Everything In This Man Cave In Cebu Was Built From Scratch

It’s the man cave of your dreams.
IMAGE Pablo S. Quiza

It’s not every day you come across something as unique as The Unique Loft on Airbnb. Its name says it all, and not in a pretentious way either.

“I know it sounds obnoxious,” said Pablo Quiza, a Cebu-based photographer from the Basque Country and the brains behind the project. But when people started referring to the loft as unique before he even mentioned the name to them, he figured, why not? True to its name, what sets this place apart is the fact that 99 percent of the loft, from the furniture to the décor, was designed and built by Quiza himself.

“You can’t find my furniture in Ikea!” he quipped.

The living area and the iron staircase.

The first floor. Photos by Pablo S. Quiza.

Located in Kiener Hills, just five minutes away from Mactan Airport in Cebu, the loft boasts a combination of wooden touches and refined décor. With its dark neutral colors, industrial floors, and iron stairs, it’s the ultimate bachelor pad/man cave for the sophisticated traveler. But don’t take that to mean the space is boring—it’s far from it.

The kitchen and living area. Photo by Pablo S. Quiza.
The living area. Photo by Pablo S. Quiza.
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On the second level, Quiza installed a giant net-like hammock that overlooks the first floor. For an adventurous stay, you can rest on the hammock, but don’t push your luck and jump on it.

“When I first saw the bare, unfinished unit I immediately fell in love with the space. Two floors with a quarter of the ceiling between the floors open and connecting both levelsthe feeling of volume of the unit was great and I wanted to keep that feeling at all cost,” explained Quiza. “That's where the decision to build the giant hammock came from. I didn't want any physical boundary, any space constriction.”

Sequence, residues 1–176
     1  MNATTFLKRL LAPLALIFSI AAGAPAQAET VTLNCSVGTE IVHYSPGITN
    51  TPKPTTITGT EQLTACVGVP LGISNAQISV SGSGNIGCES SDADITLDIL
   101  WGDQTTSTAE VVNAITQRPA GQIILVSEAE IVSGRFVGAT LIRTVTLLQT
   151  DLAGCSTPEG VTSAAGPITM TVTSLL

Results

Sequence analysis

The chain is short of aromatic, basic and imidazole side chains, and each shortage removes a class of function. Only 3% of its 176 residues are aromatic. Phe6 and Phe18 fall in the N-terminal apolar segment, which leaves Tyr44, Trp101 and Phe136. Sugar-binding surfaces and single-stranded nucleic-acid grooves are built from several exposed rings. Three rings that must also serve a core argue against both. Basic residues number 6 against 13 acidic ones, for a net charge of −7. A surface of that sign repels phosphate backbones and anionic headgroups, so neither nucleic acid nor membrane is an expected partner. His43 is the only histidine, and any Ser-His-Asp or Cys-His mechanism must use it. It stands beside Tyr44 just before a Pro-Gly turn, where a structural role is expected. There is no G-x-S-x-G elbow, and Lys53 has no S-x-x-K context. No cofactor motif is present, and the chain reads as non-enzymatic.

The bedroom. Photo by Pablo S. Quiza.
The giant hammock.
Photo by Pablo S. Quiza.

Another priority of Quiza’s was making sure that his furniture serves more than just one purpose. Keeping things minimalist and practical, the loft can be an Airbnb, a long-term rental, or even his own home. The giant L-shaped sofa was built with concealed storage underneath and the detachable side can be wheeled around to transform the couch into an almost queen-sized bed. Meanwhile, the living area's center table has built-in cup holders that double as remote holders so you never have to hunt for it around the apartment. 

There is definitely a lot of practical resourcefulness present in the space as the lighting over the dining table was built with PVC pipes that were painted matte black and mounted on a sliding door track. It was a DIY undertaking for the practical man. Quiza’s handmade lights are 300 percent cheaper than the lights in the hardware store with the exact same design. 

The dining area.
Photo by Pablo S. Quiza.

Quiza's handmade center table.
Photo by Pablo S. Quiza.

Quiza's job, as a photojournalist with Reuters for 18 years, pushed him to be a jack-of-all-trades, which explains how he was able to be an interior designer, carpenter, plumber, electrician, and engineer all at once. Every inch of the loft was designed and built by him, from the furniture to the finishes. Only the stool for the desk was purchased at a store, while everything else was built on site.

For the handyman looking to undertake a similar project, Quiza has a few tips to share: “Take your time and don’t rush it, think every move 10 times, and make sure that whatever you are building has more than just one use.”

It took him 11 months, countless YouTube tutorial videos, and some help from professionals to finish the project, but the satisfaction of building things with his own hands made up for all the hard work. He admitted that he was “a little bit surprised at how not-so-bad it ended up.”


Yeah, not bad at all.

The loft is currently listed on Airbnb.

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Anri Ichimura
Section Editor, Esquire Philippines
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